For sneaker aficionado Manuel Cruz, shoes have always been much more than something to wear.
Smart buys have led to big sales for the collector: Cruz once offloaded dozens of pairs of sneakers, including some from Kanye West’s Yeezy brand, for $24,000. He used the proceeds to pay for his wedding and honeymoon in Hawaii.
Now, however, the side hustle is on hold — because among Cruz’s collection are 20 pairs of Yeezy sneakers worth nearly $5,000 in all, he said. And in the aftermath of West’s antisemitic remarks — and German sportswear company Adidas’ move to sever ties with him — the secondary market for Yeezy footwear and apparel is experiencing a dramatic decline.
Anecdotal evidence and interviews with retail experts indicate that sellers are slashing prices to unload products associated with West as they compete for a shrinking pool of consumers interested in items tainted by the musician-turned-designer’s antisemitism. Online reselling platform Grailed, for example, had many pairs of Yeezy shoes and clothes discounted by 30% or more Tuesday afternoon. And on StockX, a competitor website, eight of the top 10 most popular Yeezy sneakers showed a decline in the “last sale” price, meaning that the dollar amount had dropped from the prior transaction.
The situation has left Cruz reeling.
“It’s very hard to know what to do,” said Cruz, 40, who works as a distribution account manager for an auto parts business. “Because of the amount I spent on those shoes, I have to hold on to them. I’m just sitting tight on everything.”
Over the last few weeks, West has propelled the collapse of several high-profile business ventures by repeatedly expressing — in a series of interviews — a virulently antisemitic worldview. In one published Monday, West spoke of a Jewish-controlled media and suggested Jewish doctors wrongly hospitalized him for treatment of bipolar disorder and publicized his diagnosis.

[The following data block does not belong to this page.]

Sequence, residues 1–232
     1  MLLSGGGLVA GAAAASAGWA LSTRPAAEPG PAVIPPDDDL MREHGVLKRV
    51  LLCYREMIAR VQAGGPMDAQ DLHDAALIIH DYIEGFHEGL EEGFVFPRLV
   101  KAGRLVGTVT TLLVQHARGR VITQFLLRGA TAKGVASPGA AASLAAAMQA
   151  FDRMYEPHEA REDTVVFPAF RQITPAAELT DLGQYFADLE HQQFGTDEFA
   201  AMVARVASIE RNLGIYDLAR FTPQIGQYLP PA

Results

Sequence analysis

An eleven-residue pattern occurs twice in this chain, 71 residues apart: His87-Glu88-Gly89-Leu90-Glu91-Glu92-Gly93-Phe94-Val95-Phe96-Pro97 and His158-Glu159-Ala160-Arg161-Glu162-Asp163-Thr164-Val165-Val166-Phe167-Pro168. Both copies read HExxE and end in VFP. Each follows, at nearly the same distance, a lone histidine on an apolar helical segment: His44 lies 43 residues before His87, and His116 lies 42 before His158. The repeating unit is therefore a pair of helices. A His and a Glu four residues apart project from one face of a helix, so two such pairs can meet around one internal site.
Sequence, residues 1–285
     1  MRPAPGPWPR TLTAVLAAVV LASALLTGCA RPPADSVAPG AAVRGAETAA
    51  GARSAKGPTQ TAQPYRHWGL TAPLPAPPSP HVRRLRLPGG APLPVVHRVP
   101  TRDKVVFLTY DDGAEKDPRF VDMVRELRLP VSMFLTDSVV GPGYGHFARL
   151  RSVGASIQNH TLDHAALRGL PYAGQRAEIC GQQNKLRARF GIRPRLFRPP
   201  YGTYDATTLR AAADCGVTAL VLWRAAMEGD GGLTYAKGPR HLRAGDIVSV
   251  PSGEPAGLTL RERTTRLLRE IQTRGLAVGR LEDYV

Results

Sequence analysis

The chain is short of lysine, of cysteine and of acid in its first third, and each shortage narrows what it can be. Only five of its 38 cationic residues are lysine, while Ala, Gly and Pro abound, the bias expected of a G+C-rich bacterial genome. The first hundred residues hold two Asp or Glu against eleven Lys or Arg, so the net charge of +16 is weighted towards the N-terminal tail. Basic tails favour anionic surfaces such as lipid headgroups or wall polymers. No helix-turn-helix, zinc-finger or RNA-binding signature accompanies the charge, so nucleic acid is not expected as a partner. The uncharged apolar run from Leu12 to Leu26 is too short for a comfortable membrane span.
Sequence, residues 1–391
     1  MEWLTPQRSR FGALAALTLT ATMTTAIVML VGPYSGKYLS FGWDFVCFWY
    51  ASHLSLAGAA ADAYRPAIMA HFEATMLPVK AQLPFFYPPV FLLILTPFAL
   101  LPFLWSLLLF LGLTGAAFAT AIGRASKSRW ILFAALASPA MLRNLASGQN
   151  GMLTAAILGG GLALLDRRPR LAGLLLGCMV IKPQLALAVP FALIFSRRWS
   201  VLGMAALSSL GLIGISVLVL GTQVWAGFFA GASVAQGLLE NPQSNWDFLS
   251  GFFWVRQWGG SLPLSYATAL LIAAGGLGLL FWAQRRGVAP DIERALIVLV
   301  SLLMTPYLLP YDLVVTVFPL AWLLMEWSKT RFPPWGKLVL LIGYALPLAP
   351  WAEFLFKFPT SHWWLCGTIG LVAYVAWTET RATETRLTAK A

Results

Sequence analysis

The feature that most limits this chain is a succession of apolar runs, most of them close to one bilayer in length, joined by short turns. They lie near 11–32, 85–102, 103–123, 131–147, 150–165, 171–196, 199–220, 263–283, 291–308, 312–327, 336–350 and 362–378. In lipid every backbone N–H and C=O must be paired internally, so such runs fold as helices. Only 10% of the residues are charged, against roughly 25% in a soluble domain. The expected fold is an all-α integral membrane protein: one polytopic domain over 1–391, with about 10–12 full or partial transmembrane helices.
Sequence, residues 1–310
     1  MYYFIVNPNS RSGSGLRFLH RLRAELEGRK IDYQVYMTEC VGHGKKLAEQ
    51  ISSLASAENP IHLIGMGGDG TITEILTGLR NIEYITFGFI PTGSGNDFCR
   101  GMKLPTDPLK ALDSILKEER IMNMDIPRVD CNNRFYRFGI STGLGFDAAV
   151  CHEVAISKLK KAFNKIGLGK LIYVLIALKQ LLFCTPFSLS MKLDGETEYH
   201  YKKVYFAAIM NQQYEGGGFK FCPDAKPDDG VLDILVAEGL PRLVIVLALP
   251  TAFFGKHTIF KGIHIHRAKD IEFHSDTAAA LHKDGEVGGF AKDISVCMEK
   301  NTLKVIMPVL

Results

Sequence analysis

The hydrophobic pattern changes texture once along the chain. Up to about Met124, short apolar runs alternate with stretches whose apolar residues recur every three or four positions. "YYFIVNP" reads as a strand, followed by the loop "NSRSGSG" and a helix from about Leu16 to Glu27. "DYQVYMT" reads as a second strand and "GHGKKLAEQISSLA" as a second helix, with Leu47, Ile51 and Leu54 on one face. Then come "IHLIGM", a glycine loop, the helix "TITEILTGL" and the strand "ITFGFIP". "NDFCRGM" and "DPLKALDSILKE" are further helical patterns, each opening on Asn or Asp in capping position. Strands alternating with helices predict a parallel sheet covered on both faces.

Besides the loss of the Adidas deal, the high fashion house Balenciaga and Gap have ended partnerships with West. And he has been dropped by talent agency CAA.
It makes for a stunning, self-inflicted loss of business, said Neil Saunders, retail analyst at GlobalData.
“That is pretty exceptional to have this many partnerships ended and with such high-profile companies as well,” Saunders said. “These are massive brands. They had to end the partnerships with Ye, because Ye’s comments are really outside of morality.”
West, 45, who also goes by Ye, did not respond to a request for comment.
The hip-hop musician and producer has long been interested in fashion. West began dabbling in apparel and footwear in the late 2000s, collaborating with companies include A Bathing Ape, Louis Vuitton and Nike. Later, he forged the partnership with Adidas, which began producing Yeezy sneakers in 2013. West struck the Gap deal in 2020 to design adult and kids’ clothing for the San Francisco-based apparel giant. The first items from the effort were released in 2021 — and a $90 sweatshirt sold out within hours of debuting.
West’s fashion success proved lucrative: Prior to his recent comments, his net worth had been pegged at $2 billion by Forbes — with the publication attributing 75% of that valuation to the Adidas deal. But, with the loss of that relationship, Forbes said, West is no longer a billionaire.
For years, Yeezy sneakers have been coveted by fans who love their bulbous looks. So has his clothing, with its drapey fits and modern silhouettes. A thriving secondary market has ensured that collectors who miss out on a limited-edition drop could pick up the latest item — for a steep price. This paradigm was turbocharged during the first year or so of the pandemic, with collectible sneakers and apparel exploding in value alongside other luxury assets, among them watches, wine, art and cars.